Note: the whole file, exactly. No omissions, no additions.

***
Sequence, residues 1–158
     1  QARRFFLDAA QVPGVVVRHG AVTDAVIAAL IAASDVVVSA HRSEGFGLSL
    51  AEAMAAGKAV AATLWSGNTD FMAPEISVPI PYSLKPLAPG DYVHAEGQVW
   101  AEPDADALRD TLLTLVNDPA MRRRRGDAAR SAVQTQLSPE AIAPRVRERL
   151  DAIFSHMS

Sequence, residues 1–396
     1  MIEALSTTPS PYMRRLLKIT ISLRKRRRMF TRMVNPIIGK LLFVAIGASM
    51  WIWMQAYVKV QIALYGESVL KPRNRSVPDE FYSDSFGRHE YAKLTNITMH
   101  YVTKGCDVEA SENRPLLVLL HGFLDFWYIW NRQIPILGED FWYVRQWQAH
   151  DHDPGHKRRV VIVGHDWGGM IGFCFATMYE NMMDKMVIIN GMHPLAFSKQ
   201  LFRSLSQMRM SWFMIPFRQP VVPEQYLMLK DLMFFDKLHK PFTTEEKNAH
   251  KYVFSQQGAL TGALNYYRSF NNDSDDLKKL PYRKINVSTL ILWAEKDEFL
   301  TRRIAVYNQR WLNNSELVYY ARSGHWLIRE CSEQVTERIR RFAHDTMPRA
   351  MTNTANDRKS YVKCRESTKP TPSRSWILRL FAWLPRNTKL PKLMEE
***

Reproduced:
Sequence, residues 1–158
     1  QARRFFLDAA QVPGVVVRHG AVTDAVIAAL IAASDVVVSA HRSEGFGLSL
    51  AEAMAAGKAV AATLWSGNTD FMAPEISVPI PYSLKPLAPG DYVHAEGQVW
   101  AEPDADALRD TLLTLVNDPA MRRRRGDAAR SAVQTQLSPE AIAPRVRERL
   151  DAIFSHMS

Sequence, residues 1–396
     1  MIEALSTTPS PYMRRLLKIT ISLRKRRRMF TRMVNPIIGK LLFVAIGASM
    51  WIWMQAYVKV QIALYGESVL KPRNRSVPDE FYSDSFGRHE YAKLTNITMH
   101  YVTKGCDVEA SENRPLLVLL HGFLDFWYIW NRQIPILGED FWYVRQWQAH
   151  DHDPGHKRRV VIVGHDWGGM IGFCFATMYE NMMDKMVIIN GMHPLAFSKQ
   201  LFRSLSQMRM SWFMIPFRQP VVPEQYLMLK DLMFFDKLHK PFTTEEKNAH
   251  KYVFSQQGAL TGALNYYRSF NNDSDDLKKL PYRKINVSTL ILWAEKDEFL
   301  TRRIAVYNQR WLNNSELVYY ARSGHWLIRE CSEQVTERIR RFAHDTMPRA
   351  MTNTANDRKS YVKCRESTKP TPSRSWILRL FAWLPRNTKL PKLMEE